Wednesday, November 11, 2009

...which reminds me of a story, which may or may not be true, which happened in the 12th, or the 13th, or the 17th century...

Heinz-Klaus Metzger once suggested that I write the "secret, underground, history of American experimental music, all in anecdotes".  

While I'm not going to be doing that anytime soon (I'm still waiting for the blackmail checks to clear), Metzger was certainly right about the format.  

Between Ives' Memos and Cage's stories and Diary entries, the anecdote has proven itself to be the form best suited to conveying the feel of musical life on the far edge, and a form more pliable to experimental recycling for new artworks than plain vanilla prose.* One quality inevitably associated with the radical music due in large part to its exclusion from big official institutional music making is that much of the experience can only be captured in the informal discourse, much of it only surviving in messages scrawled on scraps of cocktail napkins or back of envelopes, or in memory, anecdote, and story.  A lot of this information may be of questionable veracity.  Much of it may be not more than gossip or innuendo.  But, the same is certainly true of much official music history and sorting it out requires precisely the same critical skills.   

Laura Kuhn of the John Cage Trust has recently begun a website devoted to the composer.  It includes the inevitable blog, which promises to be very useful to scholarship and general interest, but even more promising, AFAIC, is a page devoted to collecting stories.  At the moment, it's basically a long list of names associated with Cage, waiting to be filled with stories attached to those names.  (The appropriateness of a form, now mostly silent, waiting to be filled in, is not lost.) It would be very useful if the page could be indexed by completed stories as well as names, and — since we're talking John Cage here — there damn well ought to be some way of gaining random access to the contents.  (This was my complaint to musicologists at the Cage conference in '88 — in discussing archival questions, not one of them was giving a thought to the question of the appropriate format for an archive devoted to the work of an anarchist devoted to chance operations.  Random access is a no-brainer.)  And as long as I'm making wishes, shouldn't it be possible to include or link to stories in the form of graphics, audio, or video files?  In any case, praise is due Ms. Kuhn, who is off on the right track.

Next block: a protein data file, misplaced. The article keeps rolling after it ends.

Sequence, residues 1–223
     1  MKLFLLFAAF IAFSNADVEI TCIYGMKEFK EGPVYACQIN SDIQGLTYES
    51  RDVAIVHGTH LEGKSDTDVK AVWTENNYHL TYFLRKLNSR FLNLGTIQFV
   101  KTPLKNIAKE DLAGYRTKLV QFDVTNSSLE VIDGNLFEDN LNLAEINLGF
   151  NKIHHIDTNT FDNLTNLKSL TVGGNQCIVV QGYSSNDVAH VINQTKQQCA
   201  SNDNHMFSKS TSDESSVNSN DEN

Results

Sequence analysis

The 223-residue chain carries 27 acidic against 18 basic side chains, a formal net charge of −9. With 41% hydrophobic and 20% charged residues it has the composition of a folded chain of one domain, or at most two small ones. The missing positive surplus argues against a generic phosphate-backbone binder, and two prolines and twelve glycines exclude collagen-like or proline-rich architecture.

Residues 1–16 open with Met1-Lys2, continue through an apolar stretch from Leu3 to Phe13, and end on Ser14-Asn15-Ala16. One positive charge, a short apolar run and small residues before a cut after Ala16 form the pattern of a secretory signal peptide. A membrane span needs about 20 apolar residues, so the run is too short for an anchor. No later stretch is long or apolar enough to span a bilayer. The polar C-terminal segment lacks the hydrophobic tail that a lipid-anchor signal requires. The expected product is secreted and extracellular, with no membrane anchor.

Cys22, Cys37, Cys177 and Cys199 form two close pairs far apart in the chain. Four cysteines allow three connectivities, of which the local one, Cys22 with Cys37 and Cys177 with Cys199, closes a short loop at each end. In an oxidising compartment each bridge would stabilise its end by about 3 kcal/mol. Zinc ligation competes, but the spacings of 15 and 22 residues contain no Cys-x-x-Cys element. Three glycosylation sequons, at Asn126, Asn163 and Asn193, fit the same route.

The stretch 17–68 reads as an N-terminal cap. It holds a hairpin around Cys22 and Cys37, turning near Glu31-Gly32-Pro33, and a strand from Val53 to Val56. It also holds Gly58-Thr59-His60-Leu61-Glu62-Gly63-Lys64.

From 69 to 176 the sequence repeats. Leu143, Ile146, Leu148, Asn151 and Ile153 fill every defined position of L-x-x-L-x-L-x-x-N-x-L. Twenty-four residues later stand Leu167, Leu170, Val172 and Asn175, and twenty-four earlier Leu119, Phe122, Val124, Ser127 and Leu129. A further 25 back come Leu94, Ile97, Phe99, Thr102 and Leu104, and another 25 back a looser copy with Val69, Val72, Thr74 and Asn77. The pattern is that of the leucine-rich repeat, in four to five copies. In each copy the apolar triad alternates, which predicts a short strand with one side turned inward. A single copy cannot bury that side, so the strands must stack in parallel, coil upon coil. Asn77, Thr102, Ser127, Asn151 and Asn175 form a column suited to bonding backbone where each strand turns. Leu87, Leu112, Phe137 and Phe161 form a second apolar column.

* This is also my complaint about composers blogging — how come so few of us have chosen to experiment with the blog as a compositional format?   Maybe it's a lost cause — the verbal experiments on this blog, most of them based on constraints of form or vocabulary — have either been unnoticed or gone down like uranium marshmallows chasing grain alcohol Manhattans — but isn't it a matter of composerly self-respect to play some games of the sort from time to time?

1 comment:

Art Durkee said...

I think it's that most folks don't think across categories or genres. I've been doing some things on my own blog not dissimilar to what you're talking about here, but most folks miss what I'm doing completely. Well, a lot of my jokes go over my friends' heads, too, since I tend to think in so many directions that I often make things too obscure. It's the product of being interested in everything, I suppose.

But I think that the blog form itself, like the aphorism, has some inherently useful qualities for devising and experimenting with both new forms and new contents. I like how hypertext, for example, can pull so many things into one dense medium, or conversely scatter the attention to the winds. Both inward and outward tidal momentum.